During Week 3, I spent most of my time with the medical clinic’s billing specialist to learn more about her job and how medical insurance works. I also spent some time observing infusions of medications given for Rheumatoid arthritis and Osteoporosis in the infusion clinic.
The billing specialist first talked about PQRS, Physician Quality Reporting System, and how Medicare incentivizes or penalizes physicians based on the quality of the care provided for patients and documented by physicians. This system was put in place in 2015/2016 and will be replaced by MACRA (Medicare Access and CHIP Reauthorization Act of 2015) and MIPS (Merit-Based Incentive Payment Systems) in 2017. Because the clinic is a speciality clinic, the government assesses quality based on registry-based reporting based on certain measures. For Rheumatology, these measures include Preventive Care and BMI screening, Pain assessment and follow-up, Tuberculosis screening, Glucocorticoid Management, Assessment and Classification of Disease Prognosis. Once all the reporting is sent to the government, Medicare has a value payment modifier that provides different payments to the physicians. The differential payment is based on quality of care provided to Medicare patients through performance of PQRS measures and the cost of the care that was provided.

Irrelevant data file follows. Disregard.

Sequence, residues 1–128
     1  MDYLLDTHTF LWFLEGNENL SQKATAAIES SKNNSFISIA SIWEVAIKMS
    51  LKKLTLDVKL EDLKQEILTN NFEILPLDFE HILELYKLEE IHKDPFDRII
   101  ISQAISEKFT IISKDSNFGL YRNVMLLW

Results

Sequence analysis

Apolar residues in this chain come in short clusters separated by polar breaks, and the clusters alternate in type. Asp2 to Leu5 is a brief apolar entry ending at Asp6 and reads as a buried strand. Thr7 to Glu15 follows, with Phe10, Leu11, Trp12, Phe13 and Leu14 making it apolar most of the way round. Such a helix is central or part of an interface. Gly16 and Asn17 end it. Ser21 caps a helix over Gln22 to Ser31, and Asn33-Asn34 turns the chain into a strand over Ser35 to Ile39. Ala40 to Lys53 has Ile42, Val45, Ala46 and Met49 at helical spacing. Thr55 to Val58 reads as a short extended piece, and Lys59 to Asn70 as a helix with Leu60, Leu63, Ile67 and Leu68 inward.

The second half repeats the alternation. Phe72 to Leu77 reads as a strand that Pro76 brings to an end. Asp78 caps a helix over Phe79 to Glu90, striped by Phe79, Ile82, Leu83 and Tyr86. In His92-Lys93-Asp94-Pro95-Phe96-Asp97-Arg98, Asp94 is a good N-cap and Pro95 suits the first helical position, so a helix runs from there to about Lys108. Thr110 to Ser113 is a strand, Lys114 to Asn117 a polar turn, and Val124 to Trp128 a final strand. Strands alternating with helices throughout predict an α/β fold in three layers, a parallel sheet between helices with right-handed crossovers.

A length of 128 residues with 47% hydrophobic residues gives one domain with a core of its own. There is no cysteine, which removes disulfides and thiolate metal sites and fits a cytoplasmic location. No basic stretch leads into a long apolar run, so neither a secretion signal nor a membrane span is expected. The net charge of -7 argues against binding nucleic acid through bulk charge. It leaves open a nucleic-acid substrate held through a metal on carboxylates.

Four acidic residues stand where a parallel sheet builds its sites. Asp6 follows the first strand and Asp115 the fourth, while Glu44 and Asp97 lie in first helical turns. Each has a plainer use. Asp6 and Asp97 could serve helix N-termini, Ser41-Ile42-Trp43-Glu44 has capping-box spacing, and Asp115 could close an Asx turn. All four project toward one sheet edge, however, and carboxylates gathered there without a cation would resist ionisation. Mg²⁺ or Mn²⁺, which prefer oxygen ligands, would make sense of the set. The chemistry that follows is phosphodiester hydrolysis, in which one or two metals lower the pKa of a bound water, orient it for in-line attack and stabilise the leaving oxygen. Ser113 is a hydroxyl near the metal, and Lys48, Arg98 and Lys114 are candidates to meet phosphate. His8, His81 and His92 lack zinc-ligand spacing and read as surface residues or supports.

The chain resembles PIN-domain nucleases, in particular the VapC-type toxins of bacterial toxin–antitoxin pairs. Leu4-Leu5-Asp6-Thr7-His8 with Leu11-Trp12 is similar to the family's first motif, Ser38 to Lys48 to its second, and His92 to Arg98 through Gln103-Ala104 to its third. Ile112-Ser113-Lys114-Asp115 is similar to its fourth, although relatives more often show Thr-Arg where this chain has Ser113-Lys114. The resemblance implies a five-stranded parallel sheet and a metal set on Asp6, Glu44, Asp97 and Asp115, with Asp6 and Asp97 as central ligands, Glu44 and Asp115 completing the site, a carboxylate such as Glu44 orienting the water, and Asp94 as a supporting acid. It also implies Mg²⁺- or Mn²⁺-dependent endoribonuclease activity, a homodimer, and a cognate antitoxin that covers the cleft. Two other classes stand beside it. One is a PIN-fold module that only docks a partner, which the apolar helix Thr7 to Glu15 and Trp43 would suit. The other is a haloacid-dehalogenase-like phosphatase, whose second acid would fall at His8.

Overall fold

The billing specialist and I talked about how patients are billed through Medicare and Commercial insurance plans. I learned that Medicare usually pays 80% of the cost. We went over deductibles, copays, coinsurance, and out of pocket maximums. The deductible is how much the patient must meet out of pocket before the insurance company will begin to pay based on plan benefits. A co-pay is a flat fee assigned to various services which the patient is responsible for paying as well. Coinsurance is a percentage of the allowed amount for which the patient is responsible. Out of Pocket refers to the amount that the patient must pay before insurance will begin to pay at 100% of the cost.